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Antique Singer Sewing Machine - Walking Foot

by Elaine
(Corea, Maine)

I have a vintage/antique Singer sewing machine that I have dated from around 1948.


Since I got it in 1969, I have sewed miles on it and would now like to attempt to do some machine quilting. I have scoured the internet trying to find the right walking foot to buy without spending a ton of money.

I've read reports of cheap plastic ones that crack and ones that don't line up with the feed dogs. Has anyone had any experience using a walking foot with this type of machine?

Reply:

I have to admit, I'm no expert when it comes to sewing machine parts, so I did some investigating and found this...

www.sewalot.com/dating_singer_sewing_machine_by_serial_number.htm

...to help confirm the age of your machine.

The following point was particularly interesting. The serial number most likely indicates the year the machine was started. The S/N was stamped onto the casting of the sewing machine early in the production process. However, the machine's completion and delivery to a store for sale could be far out into the future.

If you compare S/N's, I'd be interested to hear where your machine was manufactured...Russia, Scotland, Canada, Japan, Germany, Taiwan or America.

With respect to the walking foot, Singer sewing machines have either a hi-, low- or slant-shank. I do believe if your machine is a slant shank, it will say-so on the machine, otherwise, you can tell by measuring.

Go to your machine and put the presser foot down. Now measure the distance from the bottom of the foot to the screw hole that attaches the foot to the presser bar.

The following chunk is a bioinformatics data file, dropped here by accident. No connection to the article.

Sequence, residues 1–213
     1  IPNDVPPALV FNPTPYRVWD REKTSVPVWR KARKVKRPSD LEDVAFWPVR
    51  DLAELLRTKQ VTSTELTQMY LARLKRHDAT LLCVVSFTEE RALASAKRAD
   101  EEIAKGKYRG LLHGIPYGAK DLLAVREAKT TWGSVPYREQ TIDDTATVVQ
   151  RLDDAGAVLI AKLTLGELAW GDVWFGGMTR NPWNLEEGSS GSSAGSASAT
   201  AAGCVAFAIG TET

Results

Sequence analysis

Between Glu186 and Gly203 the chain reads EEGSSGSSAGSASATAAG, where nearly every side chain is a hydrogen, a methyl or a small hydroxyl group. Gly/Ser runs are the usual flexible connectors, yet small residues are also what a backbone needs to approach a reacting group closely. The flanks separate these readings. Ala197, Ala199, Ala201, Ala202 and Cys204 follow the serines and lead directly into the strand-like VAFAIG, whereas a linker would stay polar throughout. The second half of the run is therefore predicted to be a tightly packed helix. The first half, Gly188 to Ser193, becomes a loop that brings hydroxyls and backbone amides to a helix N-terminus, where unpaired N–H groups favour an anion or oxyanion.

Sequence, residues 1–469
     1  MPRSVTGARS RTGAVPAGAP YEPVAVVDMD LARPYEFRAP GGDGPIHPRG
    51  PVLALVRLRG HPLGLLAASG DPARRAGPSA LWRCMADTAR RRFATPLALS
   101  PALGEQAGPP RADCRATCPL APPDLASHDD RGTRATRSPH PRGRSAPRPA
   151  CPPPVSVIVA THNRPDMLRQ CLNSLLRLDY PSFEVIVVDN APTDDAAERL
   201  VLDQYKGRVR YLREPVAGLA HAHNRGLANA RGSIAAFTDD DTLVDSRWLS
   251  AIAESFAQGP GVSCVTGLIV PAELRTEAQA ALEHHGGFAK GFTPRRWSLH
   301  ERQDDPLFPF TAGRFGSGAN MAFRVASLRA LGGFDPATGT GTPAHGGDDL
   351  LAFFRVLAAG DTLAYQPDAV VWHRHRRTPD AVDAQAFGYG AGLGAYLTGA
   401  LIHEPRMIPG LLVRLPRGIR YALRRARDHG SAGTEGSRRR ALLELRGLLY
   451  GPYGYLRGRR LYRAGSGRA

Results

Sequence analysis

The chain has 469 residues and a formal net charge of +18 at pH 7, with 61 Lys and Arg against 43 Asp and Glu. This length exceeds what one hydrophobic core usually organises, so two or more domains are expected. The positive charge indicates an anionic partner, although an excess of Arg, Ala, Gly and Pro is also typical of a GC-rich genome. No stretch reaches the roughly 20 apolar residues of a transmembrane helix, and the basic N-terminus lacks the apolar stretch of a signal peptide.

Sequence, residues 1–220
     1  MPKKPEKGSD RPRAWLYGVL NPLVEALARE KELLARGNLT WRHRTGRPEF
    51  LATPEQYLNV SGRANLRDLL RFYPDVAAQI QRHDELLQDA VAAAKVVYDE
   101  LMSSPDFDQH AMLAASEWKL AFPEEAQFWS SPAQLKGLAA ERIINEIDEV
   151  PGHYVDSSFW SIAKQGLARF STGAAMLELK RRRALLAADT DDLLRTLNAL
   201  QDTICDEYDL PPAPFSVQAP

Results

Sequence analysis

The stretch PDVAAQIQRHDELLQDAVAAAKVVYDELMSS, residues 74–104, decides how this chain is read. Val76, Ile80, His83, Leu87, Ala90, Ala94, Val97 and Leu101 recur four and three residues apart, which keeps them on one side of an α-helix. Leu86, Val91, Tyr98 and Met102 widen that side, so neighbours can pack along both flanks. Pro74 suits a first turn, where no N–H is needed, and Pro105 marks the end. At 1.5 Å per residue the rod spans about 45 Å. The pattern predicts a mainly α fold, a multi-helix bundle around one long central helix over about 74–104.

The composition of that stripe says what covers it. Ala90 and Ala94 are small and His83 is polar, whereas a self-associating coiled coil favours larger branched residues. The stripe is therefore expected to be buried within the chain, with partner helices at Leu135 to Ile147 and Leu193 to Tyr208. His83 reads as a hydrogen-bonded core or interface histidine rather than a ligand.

The approximate measurements are:
  • Slant shank - 1-1/8"
  • Lo-shank - 3/4"
  • Hi-shank - 1/1-4"
Identifying the shank helps you choose a walking foot that attaches properly to your machine. And one where the feed dogs line up.

To be on the safe side, make sure you can return the foot if it doesn't fit. Better yet, if you can, take your machine with you where you purchase the foot and bring a small quilt sandwich (6"x6") to quilt on with the foot installed.

For a machine from the 1940's there's a good chance you'll need a generic walking foot for this well-loved, antique Singer sewing machine.

If you think you may use it for free motion quilting, check at the same time to see if you have a cover for your feed dogs. You may need to purchase this also.

Readers, can you add to my suggestions? I'd appreciate it!

Piecefully,

Julie Baird
Editor

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